Wednesday, 30 March 2011

Walking with Giants

As LondonRef moves up the grades he can claim something in common with the best refs in the world; refereeing my old side London Welsh Occies Vets. Wayne Barnes recently took charge of these fellas in a merit league match vs Ealing Vets on the playing fields of Richmond, dog-shit and all. Its a long way from the World Cup Final he is likely to take charge of next year (Safe money, England won’t be in it).

Chatting to my old muckers at the weekend they were clearly in awed by the experience; these players will only grudgingly acknowledge a  referee as being any good. To be truthfully at the level they have played in the past they would not be getting the best the game can offer. Like many Vets they contain players who have played at much high levels and been accorded referees as such. When you have seen what a National Panel referee can do and you now have a 40 year old never-going-to-be, you are going to be frustrated but that is the nature of the game.

The most fascinating aspect of their critique was the he only gave 4 penalties in the entire match. I think in my early encounters with LW Occies this was closer to 40. Have they suddenly got better, or did Wayne miss all that going off their feet and handling in rucks? I suspect it is neither. How did he handle the inevitable discussion about “didn’t you see that, every time sir?” 

Barnesy gave an excellent talk to the Ref Society last year which he outlines how he approaches refereeing games. Using his judgement of materiality he looks to see if blowing his whistle is fair and equitable and I guess, does it increase the enjoyment of the game for all those involved. Making sure this runs smoothly requires good communication skills either in pulling players back from the brink of committing an offence or letting them know you saw it and why you didn’t blow.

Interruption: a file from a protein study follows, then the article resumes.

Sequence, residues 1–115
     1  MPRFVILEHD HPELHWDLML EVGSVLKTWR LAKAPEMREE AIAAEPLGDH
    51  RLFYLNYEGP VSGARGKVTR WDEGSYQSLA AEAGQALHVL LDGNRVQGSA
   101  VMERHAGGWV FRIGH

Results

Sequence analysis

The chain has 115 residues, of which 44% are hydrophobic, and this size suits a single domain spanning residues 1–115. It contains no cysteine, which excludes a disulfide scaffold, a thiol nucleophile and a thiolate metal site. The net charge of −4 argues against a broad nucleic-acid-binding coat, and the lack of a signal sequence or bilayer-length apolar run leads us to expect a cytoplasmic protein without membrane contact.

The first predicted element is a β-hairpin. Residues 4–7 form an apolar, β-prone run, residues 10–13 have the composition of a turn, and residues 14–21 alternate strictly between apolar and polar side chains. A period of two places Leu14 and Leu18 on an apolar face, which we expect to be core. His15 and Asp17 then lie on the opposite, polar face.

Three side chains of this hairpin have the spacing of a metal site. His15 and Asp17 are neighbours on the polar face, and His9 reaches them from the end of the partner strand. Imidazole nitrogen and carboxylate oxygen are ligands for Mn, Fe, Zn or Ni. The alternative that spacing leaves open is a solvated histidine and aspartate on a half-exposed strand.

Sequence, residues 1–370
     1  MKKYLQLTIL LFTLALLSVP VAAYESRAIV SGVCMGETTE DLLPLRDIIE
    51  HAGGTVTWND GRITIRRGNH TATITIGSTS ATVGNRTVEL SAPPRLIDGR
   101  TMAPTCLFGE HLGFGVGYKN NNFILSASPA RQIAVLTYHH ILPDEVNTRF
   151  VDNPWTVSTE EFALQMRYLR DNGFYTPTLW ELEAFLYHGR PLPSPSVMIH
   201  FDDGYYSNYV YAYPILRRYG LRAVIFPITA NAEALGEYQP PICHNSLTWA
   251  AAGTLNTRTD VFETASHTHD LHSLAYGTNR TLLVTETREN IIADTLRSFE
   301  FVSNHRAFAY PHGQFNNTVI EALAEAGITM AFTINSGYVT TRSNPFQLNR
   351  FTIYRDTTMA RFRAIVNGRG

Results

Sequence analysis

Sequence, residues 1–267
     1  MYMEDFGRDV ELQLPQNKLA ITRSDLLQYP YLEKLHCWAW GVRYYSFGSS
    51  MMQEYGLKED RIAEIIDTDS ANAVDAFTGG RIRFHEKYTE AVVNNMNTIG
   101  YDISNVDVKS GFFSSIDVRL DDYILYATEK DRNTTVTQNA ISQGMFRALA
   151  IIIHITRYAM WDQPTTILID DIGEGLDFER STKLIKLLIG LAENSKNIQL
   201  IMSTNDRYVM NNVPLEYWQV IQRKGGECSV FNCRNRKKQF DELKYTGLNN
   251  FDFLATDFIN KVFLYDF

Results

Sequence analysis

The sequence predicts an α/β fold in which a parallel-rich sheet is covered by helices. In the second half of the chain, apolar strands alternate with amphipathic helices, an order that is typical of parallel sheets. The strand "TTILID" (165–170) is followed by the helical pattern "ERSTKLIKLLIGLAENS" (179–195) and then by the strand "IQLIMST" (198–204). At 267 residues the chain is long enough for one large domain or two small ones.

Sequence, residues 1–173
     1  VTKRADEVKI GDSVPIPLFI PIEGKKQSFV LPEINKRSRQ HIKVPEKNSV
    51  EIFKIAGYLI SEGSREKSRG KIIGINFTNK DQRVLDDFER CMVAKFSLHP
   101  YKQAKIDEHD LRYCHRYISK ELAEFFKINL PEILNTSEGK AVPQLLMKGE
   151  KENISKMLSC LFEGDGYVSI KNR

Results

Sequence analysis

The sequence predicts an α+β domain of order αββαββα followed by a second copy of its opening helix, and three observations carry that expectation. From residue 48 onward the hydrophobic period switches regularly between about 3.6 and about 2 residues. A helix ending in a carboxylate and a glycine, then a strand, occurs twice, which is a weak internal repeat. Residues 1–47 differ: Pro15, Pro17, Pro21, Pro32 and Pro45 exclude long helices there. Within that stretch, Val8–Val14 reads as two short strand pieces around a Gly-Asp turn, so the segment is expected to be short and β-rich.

I’ve tried to use a lot from that talk to improve my game this season and by my reports it seems to be working. It is also important to consider who he was reffing, a Vets merit match requires a different touch to my student cups games or a Tri-nations decider in Ellis Park.

There are two ironic outcomes from this, the first is some of the same players have regularly hurled abuse in the bar for Mr Barnes reffing Wales like he reffed the Occies, hopefully they will be  more understanding next time. The second is that, despite dominating the early part of the match, London Welsh ran out of steam at the end of the match and lost. The game was one of the fastest and most open they can remember. So some things never change, it was the ref’s fault they lost the match!

2 comments:

Anonymous said...

You blow too often Dave as you don't know the rules!!!

BigDai said...

I know them well enough to know they are not rules, they are Laws